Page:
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The Official Baldrige Blog

How the Baldrige Framework Can Help You Improve DEIA

Group of inclusive colleagues working together with an interactive screen.
Credit: Pressmaster/Shutterstock

Did you know that the most recent revisions (2021-2022 and 2023-2024) of the Baldrige Criteria for Performance Excellence® (part of the Baldrige Excellence Framework® booklets) have added specific assessment questions related to cultural diversity, equity, inclusion, and accessibility (DEIA)? More important, would you like to learn how to use the Baldrige framework to address DEIA in your workforce and improve your organization’s results?

If so, you may benefit from information shared in a recent webinar produced by the Association of Manufacturing Excellence (AME) in collaboration with the Virginia-based Senate Productivity and Quality Award (SPQA)—a member of the Alliance for Performance Excellence (the nonprofit network of regional and state-level, Baldrige-based award programs across the nation). The virtual training was presented by Lisa Tabor from CultureBrokers, LLC, a company that works with organizations to help them improve equity—which the company defines as “performance results that do not vary across racial and ethnic groups.”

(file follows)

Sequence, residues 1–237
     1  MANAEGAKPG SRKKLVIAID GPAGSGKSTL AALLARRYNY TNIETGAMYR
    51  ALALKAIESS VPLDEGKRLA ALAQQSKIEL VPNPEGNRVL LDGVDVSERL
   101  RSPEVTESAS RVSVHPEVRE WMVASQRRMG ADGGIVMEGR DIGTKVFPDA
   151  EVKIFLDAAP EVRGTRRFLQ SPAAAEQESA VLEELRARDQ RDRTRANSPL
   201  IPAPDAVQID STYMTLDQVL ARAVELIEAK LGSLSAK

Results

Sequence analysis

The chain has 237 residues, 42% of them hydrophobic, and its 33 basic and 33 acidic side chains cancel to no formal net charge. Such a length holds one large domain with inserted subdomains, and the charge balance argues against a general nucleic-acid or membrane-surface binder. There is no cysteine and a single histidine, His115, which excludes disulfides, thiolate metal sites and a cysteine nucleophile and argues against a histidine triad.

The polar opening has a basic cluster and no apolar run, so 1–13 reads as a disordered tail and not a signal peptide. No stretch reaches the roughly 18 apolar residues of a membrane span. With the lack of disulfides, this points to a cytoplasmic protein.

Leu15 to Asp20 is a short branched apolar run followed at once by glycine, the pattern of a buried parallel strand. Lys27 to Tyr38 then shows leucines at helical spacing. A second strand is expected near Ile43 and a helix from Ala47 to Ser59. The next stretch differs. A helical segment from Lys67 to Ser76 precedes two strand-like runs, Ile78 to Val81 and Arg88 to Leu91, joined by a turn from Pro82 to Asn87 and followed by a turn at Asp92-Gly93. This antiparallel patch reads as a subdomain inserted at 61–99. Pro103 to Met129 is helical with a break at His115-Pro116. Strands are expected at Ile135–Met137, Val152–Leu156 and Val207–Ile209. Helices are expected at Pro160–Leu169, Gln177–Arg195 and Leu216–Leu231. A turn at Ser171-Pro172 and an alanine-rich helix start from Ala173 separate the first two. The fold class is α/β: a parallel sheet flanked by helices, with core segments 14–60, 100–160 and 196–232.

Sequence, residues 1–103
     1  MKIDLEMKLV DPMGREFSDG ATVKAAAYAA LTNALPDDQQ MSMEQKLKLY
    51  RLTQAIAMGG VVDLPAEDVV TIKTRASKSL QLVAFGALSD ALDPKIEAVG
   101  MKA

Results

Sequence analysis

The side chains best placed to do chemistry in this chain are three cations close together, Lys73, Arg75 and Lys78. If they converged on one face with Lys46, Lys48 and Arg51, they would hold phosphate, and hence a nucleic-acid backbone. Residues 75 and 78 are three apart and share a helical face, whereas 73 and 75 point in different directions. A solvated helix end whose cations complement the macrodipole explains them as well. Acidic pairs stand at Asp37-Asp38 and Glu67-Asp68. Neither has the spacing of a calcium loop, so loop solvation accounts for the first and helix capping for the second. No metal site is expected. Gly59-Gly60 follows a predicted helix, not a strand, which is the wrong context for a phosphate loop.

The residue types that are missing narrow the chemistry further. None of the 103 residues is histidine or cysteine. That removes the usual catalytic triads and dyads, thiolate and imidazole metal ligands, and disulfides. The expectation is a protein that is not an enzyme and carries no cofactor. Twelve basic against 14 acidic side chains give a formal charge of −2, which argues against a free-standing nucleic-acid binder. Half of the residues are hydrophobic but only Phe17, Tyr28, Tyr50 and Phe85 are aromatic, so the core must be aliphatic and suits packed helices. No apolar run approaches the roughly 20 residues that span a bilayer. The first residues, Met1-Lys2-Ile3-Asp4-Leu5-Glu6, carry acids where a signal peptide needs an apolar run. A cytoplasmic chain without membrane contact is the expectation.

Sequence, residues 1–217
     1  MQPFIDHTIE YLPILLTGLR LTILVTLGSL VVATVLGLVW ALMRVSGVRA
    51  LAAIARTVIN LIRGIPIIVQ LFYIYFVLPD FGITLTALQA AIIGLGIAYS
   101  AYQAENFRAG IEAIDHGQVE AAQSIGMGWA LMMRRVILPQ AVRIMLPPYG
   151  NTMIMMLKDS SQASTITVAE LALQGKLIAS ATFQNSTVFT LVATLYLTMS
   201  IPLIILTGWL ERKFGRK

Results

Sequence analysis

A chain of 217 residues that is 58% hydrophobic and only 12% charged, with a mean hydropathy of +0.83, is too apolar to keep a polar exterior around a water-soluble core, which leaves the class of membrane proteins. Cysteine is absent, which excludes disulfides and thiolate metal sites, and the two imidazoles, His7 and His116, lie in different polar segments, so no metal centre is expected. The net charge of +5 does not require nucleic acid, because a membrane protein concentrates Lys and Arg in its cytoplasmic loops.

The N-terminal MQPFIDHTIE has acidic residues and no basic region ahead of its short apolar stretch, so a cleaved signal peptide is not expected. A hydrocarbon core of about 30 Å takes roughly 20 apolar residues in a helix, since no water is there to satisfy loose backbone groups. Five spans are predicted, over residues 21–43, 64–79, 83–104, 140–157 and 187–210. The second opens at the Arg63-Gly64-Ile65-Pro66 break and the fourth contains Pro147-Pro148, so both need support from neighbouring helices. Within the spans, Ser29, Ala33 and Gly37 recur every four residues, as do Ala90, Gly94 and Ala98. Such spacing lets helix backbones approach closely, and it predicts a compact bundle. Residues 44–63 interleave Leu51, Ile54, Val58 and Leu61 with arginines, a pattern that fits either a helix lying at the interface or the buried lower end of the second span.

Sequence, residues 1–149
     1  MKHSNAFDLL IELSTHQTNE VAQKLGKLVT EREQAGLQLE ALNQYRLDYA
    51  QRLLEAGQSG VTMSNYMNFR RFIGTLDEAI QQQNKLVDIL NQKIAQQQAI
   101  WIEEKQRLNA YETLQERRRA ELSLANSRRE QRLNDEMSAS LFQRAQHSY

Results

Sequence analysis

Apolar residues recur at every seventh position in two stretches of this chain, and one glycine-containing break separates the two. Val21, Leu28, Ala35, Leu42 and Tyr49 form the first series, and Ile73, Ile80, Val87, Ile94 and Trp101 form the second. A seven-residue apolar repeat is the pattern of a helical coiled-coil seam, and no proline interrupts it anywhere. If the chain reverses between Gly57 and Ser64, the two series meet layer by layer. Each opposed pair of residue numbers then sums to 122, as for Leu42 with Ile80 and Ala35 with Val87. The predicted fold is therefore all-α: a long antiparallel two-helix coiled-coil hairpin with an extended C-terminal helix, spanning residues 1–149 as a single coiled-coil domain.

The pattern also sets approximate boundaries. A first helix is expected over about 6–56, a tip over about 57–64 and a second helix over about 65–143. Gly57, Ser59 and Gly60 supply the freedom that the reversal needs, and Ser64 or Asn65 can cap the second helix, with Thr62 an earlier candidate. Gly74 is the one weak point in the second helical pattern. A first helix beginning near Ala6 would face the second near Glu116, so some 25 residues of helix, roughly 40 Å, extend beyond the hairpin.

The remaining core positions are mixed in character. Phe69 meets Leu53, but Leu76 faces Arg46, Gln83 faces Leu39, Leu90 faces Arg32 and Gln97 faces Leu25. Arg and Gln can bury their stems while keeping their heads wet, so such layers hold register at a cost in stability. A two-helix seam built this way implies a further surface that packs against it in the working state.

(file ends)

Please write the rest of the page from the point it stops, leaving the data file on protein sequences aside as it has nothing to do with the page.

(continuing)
Tabor described her organization’s approach as addressing the role of diversity (defined as “difference”), inclusiveness (defined as “behavior,” in particular, how people interact and work independently to achieve equity), and discipline (defined as “the systems, frameworks, policies, practices, processes, and built environments that impact equity as an outcome”). “Discipline is the key that is needed to get to … equity results,” she noted. “So we’re leveraging … the power of those influences to then develop a system that generates equity results.”

This approach, she added, “is very similar to how Baldrige … applies its framework … The Baldrige framework now is about that rigor, that discipline. … It has evolved to be … more clear about the role of diversity, inclusion, and equity in performance improvement and ultimately in … performance excellence.”